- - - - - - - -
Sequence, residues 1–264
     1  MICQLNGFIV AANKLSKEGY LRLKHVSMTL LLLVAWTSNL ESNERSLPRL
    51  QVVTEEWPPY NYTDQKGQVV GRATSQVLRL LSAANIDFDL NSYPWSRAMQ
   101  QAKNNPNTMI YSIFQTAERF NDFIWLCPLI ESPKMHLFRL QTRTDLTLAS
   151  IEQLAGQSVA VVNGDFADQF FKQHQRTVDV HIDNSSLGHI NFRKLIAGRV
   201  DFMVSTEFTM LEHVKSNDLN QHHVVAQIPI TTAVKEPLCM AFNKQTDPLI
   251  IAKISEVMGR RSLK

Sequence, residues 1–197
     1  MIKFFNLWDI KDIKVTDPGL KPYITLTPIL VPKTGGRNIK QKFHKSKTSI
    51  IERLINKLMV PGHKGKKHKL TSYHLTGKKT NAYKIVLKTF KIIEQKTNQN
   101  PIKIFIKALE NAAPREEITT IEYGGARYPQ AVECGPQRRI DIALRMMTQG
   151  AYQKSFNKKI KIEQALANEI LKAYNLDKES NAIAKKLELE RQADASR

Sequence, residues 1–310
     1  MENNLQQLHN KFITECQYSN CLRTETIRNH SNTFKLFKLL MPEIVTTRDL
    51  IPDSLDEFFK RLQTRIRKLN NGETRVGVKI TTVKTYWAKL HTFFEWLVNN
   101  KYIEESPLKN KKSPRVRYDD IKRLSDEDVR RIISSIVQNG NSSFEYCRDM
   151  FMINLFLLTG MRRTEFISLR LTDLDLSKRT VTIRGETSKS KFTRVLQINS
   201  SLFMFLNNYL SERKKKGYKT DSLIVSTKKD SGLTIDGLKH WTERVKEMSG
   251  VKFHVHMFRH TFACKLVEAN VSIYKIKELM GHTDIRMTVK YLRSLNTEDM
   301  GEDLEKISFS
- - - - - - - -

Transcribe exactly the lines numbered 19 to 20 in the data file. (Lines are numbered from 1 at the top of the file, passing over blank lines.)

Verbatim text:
   251  VKFHVHMFRH TFACKLVEAN VSIYKIKELM GHTDIRMTVK YLRSLNTEDM
   301  GEDLEKISFS